New York

Robert Howard

Royal Marks Gallery

At the Royal Marks Gallery, Robert Howard shows six pieces of recent sculpture in polychrome welded steel. The show breaks down into three pairs each of which has a specific kind of composition. In one group (Landscape XXII, Landscape XVIII) lenticular pods are perched on tubular flexing arms to suggest a spare and enlarged fantastic botany. The polychromy in these pieces, respectively blue and violet, and shades of ochre, is very carefully modulated to dictate one’s sequential experience of the forms. All of Howard’s pieces are marked by a nice sense of balance, a balance which involves not only the actual statics of the piece, but the optical weight of the various colored forms as well. In the two “lenticular” landscapes, this double balance is effected very freely throughout the surrounding space in all directions.

The second group of Howard’s pieces makes use of compositions that suggest anatomies, or more precisely, functionally interrelated muscular entities. The two pieces of this sort in the exhibition (Landscape XXI, Landscape XXIV) each have bulging shoulder-like volumes which gesture vigorously in lateral movement. Despite the titles, these figurative allusions are reinforced by the clean sections which terminate the outermost lateral forms; the effect is like the sawn-off limbs of some antique sculptural fragments. The energetically interpenetrating volumes of these pieces are not, however, antique in their heroic suggestions, but more springily dynamic: the shoulders are Boccioni’s. In the first of these two pieces the “musculature” is set atop a forthrightly vertical stand that emphasizes the principal views, which are directly frontal: the energies and torsions of the piece move outward to the sides. The other piece, Landscape XXIV, has its shoulder girdle arrangement mounted atop a double-arching tubular member of contrasting color. This arrangement, as well as the more obviously varied color (Landscape XXI is all in very close shades of fire-engine red) picks up the richer spatial movement and extensions of the piece: its dynamism is caught in a moment of vigorous complex thrusts, not merely latent in an heroic scale.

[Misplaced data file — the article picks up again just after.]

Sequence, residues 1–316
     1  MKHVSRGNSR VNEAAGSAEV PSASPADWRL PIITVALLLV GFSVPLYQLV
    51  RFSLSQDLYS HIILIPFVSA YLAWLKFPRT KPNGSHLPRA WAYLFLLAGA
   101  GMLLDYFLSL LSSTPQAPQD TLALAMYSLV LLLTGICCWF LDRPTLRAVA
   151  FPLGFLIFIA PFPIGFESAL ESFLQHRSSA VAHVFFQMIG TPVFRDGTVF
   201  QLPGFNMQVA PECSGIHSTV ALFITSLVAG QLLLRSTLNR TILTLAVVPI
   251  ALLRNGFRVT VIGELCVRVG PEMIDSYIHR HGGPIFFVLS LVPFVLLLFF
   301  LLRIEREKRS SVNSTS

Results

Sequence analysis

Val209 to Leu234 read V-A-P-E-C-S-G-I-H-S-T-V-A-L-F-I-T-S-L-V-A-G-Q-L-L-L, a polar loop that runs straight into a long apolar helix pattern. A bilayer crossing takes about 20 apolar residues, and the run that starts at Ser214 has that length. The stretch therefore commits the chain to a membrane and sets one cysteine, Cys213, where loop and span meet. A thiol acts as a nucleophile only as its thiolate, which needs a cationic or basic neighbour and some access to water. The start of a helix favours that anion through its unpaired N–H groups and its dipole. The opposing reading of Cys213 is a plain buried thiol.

The considerable interest and significance of Howard’s work lies in the fact that among the current sculptors working in polychrome welded steel, few are as willing to face the difficulties of pneumatic, complex volumes of the intricate clarity that Howard likes. His imposition of form on the material goes rather farther than the wilting and bending of tubes, the crimped planes and ragged cuttings that have remained expressively viable only in the works of a few artists such as Robert Hudson. Howard’s purposes are more purely sculptural perhaps than those of the younger Hudson, as the kinds of allusions I have mentioned, inadvertent or not, go to demonstrate. When Howard gets one of his distinctive compositions well under way, its final form and identity will be exclusively within that sculptural notion which calls for the work to displace space before it does anything else, even before taking command of surrounding space to give it a characteristic artistic structure. That Howard easily manages this within his unique contemporary idiom is the measure of his interest and quality.

Dennis Adrian